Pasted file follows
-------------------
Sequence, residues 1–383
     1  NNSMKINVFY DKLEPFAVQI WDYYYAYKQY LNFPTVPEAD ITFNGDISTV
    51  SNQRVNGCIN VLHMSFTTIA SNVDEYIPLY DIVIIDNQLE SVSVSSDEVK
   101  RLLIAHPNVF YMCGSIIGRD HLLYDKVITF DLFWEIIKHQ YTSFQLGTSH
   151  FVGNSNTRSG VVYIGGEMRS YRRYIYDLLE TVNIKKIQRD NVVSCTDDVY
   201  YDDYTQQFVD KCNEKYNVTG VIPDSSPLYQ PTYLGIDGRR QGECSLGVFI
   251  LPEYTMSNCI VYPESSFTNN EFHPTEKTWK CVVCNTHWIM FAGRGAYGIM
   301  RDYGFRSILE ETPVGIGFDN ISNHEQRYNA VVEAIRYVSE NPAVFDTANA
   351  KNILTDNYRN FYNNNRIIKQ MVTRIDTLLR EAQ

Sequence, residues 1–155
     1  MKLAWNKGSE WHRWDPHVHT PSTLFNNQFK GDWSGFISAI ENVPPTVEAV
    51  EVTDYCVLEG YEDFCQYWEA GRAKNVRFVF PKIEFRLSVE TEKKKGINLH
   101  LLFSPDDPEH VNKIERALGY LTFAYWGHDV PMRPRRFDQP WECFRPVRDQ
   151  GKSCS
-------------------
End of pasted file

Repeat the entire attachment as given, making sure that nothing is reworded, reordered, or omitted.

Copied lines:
Sequence, residues 1–383
     1  NNSMKINVFY DKLEPFAVQI WDYYYAYKQY LNFPTVPEAD ITFNGDISTV
    51  SNQRVNGCIN VLHMSFTTIA SNVDEYIPLY DIVIIDNQLE SVSVSSDEVK
   101  RLLIAHPNVF YMCGSIIGRD HLLYDKVITF DLFWEIIKHQ YTSFQLGTSH
   151  FVGNSNTRSG VVYIGGEMRS YRRYIYDLLE TVNIKKIQRD NVVSCTDDVY
   201  YDDYTQQFVD KCNEKYNVTG VIPDSSPLYQ PTYLGIDGRR QGECSLGVFI
   251  LPEYTMSNCI VYPESSFTNN EFHPTEKTWK CVVCNTHWIM FAGRGAYGIM
   301  RDYGFRSILE ETPVGIGFDN ISNHEQRYNA VVEAIRYVSE NPAVFDTANA
   351  KNILTDNYRN FYNNNRIIKQ MVTRIDTLLR EAQ

Sequence, residues 1–155
     1  MKLAWNKGSE WHRWDPHVHT PSTLFNNQFK GDWSGFISAI ENVPPTVEAV
    51  EVTDYCVLEG YEDFCQYWEA GRAKNVRFVF PKIEFRLSVE TEKKKGINLH
   101  LLFSPDDPEH VNKIERALGY LTFAYWGHDV PMRPRRFDQP WECFRPVRDQ
   151  GKSCS